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Johannesburg - The National Union of Mineworkers (NUM) is not at risk of losing members at Impala Platinum's Marula mine in Limpopo following a wildcat strike, general secretary Frans Baleni said on Tuesday.
“It is a small number of people who were at the forefront of the strike. We are engaging with the company to address their issues.”
He said no formal demands had been presented to the union.
“What we heard is that they want Impala to extend the wage settlement it signed in Rustenburg to them in Limpopo.”
He said the strike committee that led the strike wanted to meet company management, bypassing the union.
About 2000 workers went on a wildcat strike last week, apparently demanding that the wage settlement reached in the North West platinum belt be extended to them.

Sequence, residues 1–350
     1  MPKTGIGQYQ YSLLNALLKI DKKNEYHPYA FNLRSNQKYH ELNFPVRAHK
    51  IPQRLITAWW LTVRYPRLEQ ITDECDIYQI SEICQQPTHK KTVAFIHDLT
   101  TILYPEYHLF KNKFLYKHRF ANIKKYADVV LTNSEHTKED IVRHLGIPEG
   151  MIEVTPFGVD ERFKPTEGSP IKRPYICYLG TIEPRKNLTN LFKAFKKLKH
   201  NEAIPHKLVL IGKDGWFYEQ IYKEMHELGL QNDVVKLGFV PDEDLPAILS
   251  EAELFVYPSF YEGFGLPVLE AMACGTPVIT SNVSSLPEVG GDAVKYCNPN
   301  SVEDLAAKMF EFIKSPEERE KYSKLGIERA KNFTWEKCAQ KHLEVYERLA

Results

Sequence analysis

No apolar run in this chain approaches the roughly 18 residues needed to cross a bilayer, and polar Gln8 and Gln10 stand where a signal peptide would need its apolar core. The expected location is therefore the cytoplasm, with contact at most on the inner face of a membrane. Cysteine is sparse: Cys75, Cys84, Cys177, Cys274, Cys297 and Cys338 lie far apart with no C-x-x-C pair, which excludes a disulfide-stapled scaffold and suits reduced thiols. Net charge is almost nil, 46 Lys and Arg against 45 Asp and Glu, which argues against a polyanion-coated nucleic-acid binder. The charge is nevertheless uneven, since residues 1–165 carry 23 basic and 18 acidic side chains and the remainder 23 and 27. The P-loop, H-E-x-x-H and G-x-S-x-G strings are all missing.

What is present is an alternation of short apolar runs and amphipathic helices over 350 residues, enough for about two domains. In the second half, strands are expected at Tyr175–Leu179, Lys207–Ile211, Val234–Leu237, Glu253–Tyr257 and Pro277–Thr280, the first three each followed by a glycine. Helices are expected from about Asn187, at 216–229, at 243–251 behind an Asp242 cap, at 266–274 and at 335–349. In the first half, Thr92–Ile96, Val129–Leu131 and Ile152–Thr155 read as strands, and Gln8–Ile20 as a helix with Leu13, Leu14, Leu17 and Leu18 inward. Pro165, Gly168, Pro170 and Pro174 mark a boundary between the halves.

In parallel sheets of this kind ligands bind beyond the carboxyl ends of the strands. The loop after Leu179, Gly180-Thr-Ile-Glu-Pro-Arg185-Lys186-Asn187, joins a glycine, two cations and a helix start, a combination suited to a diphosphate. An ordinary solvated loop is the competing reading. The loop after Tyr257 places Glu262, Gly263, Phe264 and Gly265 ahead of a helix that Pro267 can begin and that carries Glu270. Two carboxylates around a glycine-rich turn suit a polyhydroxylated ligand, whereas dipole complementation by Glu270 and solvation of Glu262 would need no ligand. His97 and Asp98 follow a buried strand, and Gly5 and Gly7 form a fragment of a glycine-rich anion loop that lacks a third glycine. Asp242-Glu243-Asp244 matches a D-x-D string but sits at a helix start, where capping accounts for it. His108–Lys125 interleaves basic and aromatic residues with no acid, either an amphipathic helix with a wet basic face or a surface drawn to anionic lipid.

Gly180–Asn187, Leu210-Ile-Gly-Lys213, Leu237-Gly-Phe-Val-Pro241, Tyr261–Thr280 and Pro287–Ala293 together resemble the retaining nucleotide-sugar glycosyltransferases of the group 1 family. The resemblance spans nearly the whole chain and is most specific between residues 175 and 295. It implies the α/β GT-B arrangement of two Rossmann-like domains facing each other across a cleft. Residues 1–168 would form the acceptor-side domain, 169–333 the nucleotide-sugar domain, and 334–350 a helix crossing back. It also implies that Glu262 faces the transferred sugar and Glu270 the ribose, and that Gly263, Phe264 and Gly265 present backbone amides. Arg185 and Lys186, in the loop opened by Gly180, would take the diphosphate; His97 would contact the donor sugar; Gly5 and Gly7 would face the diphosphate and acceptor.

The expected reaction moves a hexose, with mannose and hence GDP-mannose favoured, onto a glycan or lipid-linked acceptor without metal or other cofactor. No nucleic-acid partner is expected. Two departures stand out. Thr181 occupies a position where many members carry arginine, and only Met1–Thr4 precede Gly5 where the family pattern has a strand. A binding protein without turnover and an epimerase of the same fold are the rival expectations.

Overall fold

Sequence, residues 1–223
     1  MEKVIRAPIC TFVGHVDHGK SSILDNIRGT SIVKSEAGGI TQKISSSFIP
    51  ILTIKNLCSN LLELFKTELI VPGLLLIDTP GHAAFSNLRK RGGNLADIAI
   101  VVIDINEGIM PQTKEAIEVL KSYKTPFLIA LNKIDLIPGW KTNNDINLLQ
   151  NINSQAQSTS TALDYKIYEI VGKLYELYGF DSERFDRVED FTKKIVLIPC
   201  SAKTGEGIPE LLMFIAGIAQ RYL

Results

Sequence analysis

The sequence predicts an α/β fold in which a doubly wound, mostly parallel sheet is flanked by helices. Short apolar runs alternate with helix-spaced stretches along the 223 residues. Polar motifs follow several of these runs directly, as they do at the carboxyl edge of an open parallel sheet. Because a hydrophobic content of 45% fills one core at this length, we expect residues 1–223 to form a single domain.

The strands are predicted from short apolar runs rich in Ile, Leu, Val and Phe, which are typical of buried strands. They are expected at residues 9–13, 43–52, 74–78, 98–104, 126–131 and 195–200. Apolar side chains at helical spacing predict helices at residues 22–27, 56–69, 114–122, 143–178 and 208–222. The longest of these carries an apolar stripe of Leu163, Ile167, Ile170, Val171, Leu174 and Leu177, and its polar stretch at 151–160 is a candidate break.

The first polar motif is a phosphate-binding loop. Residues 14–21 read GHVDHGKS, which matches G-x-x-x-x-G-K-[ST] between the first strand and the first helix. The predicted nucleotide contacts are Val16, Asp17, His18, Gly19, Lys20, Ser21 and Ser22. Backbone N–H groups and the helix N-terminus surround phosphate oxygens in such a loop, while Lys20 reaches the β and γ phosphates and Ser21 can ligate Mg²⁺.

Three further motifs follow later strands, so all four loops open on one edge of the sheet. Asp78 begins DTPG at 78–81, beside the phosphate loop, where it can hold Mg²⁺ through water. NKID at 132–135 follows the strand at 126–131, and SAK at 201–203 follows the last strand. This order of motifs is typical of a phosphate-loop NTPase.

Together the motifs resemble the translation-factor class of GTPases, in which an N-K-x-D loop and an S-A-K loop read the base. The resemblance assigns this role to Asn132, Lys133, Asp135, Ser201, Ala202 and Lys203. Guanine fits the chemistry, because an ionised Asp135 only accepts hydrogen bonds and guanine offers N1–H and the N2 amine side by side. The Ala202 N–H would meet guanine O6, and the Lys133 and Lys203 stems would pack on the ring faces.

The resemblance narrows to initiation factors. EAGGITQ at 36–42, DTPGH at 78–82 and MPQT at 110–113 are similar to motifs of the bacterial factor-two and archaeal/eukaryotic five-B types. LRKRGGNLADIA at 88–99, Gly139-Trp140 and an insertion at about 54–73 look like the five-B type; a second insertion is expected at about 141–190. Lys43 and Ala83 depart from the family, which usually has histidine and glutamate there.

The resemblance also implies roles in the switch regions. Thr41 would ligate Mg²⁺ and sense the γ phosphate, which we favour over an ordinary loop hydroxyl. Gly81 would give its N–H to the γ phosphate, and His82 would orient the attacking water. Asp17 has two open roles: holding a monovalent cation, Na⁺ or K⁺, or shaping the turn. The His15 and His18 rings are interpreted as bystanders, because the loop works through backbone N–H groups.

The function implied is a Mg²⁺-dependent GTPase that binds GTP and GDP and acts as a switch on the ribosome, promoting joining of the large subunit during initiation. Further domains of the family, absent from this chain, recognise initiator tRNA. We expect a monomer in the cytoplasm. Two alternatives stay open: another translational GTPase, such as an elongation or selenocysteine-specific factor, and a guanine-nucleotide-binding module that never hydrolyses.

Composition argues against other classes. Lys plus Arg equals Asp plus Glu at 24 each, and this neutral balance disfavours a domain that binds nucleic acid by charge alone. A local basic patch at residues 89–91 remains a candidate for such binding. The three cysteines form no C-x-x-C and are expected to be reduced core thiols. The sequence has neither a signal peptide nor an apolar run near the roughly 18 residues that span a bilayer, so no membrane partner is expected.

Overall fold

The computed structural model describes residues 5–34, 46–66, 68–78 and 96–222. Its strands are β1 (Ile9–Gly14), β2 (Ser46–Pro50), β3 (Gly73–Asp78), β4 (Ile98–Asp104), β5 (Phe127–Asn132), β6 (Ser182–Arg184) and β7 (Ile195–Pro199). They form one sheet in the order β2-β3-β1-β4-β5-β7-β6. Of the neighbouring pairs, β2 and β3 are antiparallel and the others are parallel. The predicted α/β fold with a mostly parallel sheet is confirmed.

NUM's rival, the Association of Mineworkers Construction Union (Amcu), sealed a three-year deal with Lonmin, Anglo American Platinum and Impala on June 24.
The deal would increase the monthly salary of the lowest-paid underground worker by R1000 in each of the first two years and by R950 in the third year.
The NUM is a majority union at Marula and it had signed a two-year wage deal at the mine.
The mine was not affected by the five-month-long Amcu strike.
Baleni said the tactics used by the strike committee were similar to those used at Lonmin in Marikana in 2012 which gave birth to Amcu in the North West platinum belt.
“We are engaging with the company on this issue. We have engaged with some workers and they returned to work today (Tuesday).” - Sapa